In-home just as good as in-clinic monitoring of warfarin therapy
Among patients with mechanical heart valves receiving warfarin anticoagulation, in-home does not differ from in-clinic monitoring of international normalized ratio (INR) in terms of therapeutic range (TTR) and important clinical outcomes, according to real-world data.
The analysis included 383 patients (mean age, 61.5 years; 38.6 percent female), 145 (37.9 percent) of which were managed by in-home monitoring (case) and 238 (62.1 percent) were monitored in the clinic (control).
Position of mechanical heart valves was aortic in 77.8 percent of the population, mitral in 31.1 percent, tricuspid in 1 percent, pulmonic in 0.2 percent, and multiple in 9.7 percent. The target INR was 2.5 for 199 patients (52.0 percent) and 3.0 for 184 (48.0 percent).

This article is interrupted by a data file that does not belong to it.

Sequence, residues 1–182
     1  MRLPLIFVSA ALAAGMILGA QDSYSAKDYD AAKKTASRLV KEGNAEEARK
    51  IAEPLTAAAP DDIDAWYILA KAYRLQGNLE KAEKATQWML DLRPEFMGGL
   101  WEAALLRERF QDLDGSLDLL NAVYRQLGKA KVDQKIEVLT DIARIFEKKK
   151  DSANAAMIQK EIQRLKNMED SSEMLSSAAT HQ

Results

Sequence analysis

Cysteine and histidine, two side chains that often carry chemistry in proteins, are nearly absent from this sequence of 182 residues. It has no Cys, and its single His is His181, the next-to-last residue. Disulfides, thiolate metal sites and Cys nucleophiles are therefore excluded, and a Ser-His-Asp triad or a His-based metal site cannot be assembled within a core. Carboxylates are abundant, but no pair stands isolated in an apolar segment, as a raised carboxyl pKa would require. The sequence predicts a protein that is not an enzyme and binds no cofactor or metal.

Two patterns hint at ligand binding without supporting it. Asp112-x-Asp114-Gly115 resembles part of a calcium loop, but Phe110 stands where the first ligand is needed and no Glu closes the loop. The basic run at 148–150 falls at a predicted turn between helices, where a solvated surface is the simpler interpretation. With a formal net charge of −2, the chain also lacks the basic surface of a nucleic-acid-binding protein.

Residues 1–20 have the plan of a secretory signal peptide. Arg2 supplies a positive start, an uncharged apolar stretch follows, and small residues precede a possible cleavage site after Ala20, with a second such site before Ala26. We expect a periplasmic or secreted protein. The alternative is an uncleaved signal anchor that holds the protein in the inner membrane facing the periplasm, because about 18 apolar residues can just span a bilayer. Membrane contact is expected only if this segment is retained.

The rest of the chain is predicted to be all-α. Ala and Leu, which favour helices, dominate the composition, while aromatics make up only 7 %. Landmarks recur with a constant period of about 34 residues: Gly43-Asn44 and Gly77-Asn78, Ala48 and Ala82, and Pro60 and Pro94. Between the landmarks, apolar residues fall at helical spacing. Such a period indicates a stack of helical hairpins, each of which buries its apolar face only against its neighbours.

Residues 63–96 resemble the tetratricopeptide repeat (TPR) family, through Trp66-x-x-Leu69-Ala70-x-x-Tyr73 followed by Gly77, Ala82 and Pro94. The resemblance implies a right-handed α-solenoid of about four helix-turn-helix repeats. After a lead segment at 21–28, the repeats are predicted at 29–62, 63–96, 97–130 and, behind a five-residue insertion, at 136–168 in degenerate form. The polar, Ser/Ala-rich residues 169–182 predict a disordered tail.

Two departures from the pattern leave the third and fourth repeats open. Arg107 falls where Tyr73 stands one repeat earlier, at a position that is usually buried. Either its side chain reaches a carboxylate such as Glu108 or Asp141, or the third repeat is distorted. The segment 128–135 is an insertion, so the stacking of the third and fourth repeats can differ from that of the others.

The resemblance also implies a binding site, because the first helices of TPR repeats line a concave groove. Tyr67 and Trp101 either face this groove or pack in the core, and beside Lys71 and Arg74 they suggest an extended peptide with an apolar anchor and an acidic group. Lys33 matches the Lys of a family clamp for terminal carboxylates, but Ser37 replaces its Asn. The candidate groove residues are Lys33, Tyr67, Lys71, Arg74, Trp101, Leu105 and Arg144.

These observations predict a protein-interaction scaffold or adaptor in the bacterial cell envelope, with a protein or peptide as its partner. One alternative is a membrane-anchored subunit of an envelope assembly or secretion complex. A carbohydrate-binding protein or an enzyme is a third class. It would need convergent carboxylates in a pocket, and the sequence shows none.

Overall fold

Over a median follow-up of 3.1 years, mean TTR did not significantly differ between in-home and in-clinic monitoring (66.6 percent vs 67.2 percent, respectively; p=0.76). Furthermore, the two groups had similar rates of survival to major bleeding (5.7 percent vs 6.7 percent per person-year; p=0.66) or thrombotic complications (2.3 percent vs 1.8 percent; p=0.56).
Notably, in-home monitoring was associated with a lower risk of all-cause death (hazard ratio, 0.40, 95 percent confidence interval, 0.19–0.83; p=0.01) on univariate analysis. However, this association disappeared in an analysis adjusted for age and baseline left ventricular ejection fraction.
Based on the present data, patient self-testing, which is cost-effective on a population basis compared with in-clinic monitoring, should be considered for all patients with mechanical heart valves.